Hoppy beers are most likely to be the ones with more bitter flavours, along with some fruity and floral aromas.


International Bittering Units are a measure of the bitterness of beer in parts per million.

The scale goes from 0 and upwards, but beyond 120, the human tongue can’t taste any more bitterness.


A form of collagen, obtained from the dried swim bladders of fish, used as a beer fining to clarify the beer. Obviously, beer that uses isinglass isn’t vegan or veggie.


Juicy is most often used to describe beers that have a fruity aroma and taste, citrus or stone fruits. The flavours and aromas are predominantly driven from the hops.


Malt provides the sugar source that yeasts use to convert into alcohol and also impart colour and flavour on to the final beer. Darker roasted malts tend to give dark colours and roasted flavours (think coffee, bitter chocolate, dark fruits or liquorice). Lighter roasted malts give a flavour that’s more grainy, biscuity, nutty, or bready flavours like caramel, toffee or raisin.

Milk stout

Milk stout is a stout containing lactose, a sugar derived from milk. Because lactose cannot be fermented by beer yeast, it adds sweetness and perceived body to the finished beer.


Ninkasi was the Mesopotamian goddess of beer and brewing. The Hymn to Ninkasi is a poetic recipe for beer dating back to 1800BC!


A lighter, lower-ABV beer, you can have a few of in a single session.

Secondary Fermentation

Also known as cask conditioning, it’s the process in which a draught beer retains yeast to enable a secondary fermentation to take place in a cask in the pub cellar.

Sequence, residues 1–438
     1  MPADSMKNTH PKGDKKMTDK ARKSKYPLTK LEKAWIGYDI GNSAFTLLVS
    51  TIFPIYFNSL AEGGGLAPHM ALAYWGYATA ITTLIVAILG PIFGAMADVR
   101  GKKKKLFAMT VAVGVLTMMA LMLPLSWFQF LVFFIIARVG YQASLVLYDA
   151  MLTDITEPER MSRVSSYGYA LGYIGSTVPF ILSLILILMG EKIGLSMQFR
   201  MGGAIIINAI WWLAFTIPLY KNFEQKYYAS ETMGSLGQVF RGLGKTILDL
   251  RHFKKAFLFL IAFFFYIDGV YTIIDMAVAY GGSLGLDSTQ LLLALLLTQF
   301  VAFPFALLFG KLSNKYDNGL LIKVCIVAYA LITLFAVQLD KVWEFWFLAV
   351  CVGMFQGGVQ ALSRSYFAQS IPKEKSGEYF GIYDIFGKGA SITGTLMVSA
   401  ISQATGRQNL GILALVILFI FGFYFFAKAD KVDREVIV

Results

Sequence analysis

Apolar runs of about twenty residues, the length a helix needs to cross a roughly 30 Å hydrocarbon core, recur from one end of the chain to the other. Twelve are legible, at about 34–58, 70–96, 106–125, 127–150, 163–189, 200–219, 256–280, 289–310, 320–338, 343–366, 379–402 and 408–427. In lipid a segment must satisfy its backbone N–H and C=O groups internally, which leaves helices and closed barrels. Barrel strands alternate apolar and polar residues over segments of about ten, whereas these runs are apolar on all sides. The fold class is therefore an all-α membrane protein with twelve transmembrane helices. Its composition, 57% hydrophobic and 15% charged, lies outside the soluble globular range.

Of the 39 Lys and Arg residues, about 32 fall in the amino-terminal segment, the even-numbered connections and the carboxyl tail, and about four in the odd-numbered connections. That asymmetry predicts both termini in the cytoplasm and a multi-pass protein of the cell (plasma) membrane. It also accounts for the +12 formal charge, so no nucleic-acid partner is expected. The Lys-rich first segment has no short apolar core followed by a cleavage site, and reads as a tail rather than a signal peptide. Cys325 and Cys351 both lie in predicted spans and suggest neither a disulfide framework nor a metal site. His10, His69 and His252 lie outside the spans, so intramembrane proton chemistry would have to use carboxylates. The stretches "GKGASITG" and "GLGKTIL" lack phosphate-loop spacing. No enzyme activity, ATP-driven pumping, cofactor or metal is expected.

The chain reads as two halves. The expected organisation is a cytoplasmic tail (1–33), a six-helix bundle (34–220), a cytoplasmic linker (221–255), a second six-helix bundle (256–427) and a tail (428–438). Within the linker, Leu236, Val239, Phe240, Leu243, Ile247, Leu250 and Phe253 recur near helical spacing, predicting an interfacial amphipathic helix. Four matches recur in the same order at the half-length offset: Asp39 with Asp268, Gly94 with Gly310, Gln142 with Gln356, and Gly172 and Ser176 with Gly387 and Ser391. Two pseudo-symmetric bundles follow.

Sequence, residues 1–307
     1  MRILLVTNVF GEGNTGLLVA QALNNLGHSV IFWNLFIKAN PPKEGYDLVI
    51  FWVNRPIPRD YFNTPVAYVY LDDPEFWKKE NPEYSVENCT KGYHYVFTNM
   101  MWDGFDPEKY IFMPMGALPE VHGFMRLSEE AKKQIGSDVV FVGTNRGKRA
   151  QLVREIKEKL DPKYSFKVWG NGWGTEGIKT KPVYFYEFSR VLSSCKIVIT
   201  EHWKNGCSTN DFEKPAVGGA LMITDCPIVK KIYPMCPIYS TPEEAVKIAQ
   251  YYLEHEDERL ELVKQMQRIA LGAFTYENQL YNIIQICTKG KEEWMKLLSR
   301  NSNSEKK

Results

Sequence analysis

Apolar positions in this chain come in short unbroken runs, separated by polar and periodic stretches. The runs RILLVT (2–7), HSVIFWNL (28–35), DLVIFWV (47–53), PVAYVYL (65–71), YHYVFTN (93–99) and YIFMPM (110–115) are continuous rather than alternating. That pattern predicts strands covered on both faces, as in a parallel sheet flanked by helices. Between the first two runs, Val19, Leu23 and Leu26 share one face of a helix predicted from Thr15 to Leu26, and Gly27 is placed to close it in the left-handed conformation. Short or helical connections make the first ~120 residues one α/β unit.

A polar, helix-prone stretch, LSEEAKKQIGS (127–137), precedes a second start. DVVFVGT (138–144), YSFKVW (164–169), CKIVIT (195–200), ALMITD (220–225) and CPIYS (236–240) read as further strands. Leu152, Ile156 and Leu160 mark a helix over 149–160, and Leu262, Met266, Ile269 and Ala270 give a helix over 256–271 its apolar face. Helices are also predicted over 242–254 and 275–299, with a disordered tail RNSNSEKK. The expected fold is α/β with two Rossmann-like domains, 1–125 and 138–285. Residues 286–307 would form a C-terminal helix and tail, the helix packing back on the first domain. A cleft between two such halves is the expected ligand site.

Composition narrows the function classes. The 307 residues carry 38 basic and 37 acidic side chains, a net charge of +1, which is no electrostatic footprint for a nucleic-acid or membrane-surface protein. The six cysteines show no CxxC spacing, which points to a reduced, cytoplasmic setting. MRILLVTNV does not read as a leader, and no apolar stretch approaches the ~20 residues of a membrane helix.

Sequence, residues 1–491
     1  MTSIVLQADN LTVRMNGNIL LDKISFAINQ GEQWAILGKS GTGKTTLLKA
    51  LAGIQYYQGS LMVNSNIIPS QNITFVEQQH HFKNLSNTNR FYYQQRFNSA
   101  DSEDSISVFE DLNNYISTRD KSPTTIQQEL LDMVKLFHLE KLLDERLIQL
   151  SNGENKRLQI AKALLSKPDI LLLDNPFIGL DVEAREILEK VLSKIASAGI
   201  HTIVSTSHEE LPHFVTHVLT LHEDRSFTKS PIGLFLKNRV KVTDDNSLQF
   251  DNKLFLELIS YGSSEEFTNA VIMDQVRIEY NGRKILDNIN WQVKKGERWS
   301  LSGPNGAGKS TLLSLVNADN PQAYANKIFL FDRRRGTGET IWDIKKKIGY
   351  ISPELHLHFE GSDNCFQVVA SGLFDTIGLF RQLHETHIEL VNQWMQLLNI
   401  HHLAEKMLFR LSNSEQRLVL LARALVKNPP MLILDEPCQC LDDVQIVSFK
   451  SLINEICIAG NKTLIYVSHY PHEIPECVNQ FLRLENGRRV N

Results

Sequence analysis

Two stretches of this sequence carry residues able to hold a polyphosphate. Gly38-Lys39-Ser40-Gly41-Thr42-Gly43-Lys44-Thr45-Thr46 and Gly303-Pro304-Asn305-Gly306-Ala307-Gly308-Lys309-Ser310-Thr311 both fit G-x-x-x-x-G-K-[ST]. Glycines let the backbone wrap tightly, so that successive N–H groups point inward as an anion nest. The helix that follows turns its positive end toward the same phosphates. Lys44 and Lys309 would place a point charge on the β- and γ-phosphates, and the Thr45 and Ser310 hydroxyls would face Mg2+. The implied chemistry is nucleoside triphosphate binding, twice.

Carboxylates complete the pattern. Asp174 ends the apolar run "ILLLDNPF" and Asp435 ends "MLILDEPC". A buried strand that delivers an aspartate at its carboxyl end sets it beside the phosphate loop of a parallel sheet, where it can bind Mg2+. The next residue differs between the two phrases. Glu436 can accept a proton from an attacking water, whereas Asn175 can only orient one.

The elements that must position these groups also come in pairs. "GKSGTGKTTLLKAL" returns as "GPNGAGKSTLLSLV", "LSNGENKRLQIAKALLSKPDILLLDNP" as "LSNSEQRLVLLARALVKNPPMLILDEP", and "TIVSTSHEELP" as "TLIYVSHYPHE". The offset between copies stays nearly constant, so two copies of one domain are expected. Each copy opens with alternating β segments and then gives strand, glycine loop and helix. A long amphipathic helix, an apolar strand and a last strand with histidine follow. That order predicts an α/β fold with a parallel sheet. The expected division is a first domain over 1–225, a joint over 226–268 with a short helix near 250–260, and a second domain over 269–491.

A spile is a small wooden or metal peg used to vent or control the flow of air into, and carbon dioxide out of, a cask of ale.


Stillaging is the process where the casks are stored in the pubs cellar on their side, on a slanted rack, with the rear of the cask slightly elevated. This allows the yeast to sink to the bottom and separates it from the beer being served.


After giving the beer time to condition, the cask can be tapped (where a tap is added to the cask, for connection to the beer lines). Before the beer can be hooked up and served from the bar, the cellar manager samples the beer to carry out the CAT test.


Temperature is a crucial part of brewing and serving cask ale. Different ale yeasts perform best at very specific temperature, usually around 20°C but that varies from strain to strain. The recommended serve temperature for the majority of cask ales is a cellar cool 11 – 13°C.

Tulip glass

Glassware with a wider bottom and narrow top makes it easier to notice the aromas. A tulip shaped beer glass helps the drinker enjoy more of the aroma and flavour of cask fresh beer, in the same way you’d enjoy fine wine, brandy or whisky.


After being stillaged, a small wooden peg or spile is hammered into the shive covering the vent on the side of the cask. The spile then allows the cellar manager to release some of the naturally occurring C02 from the cask as part of the beer conditioning stage.


The bittersweet sugar solution is the liquid extracted from mashing the malt and boiling the hops. It becomes beer, through fermentation.


When the brewers yeast is added to the wort, it eats the sugar, creating alcohol and carbonation. Cask ale typically uses the same top-fermenting yeast that was used in brewing over 3000 years ago.! Top-fermenting means the yeast likes to rise to the top of the beer as it eats.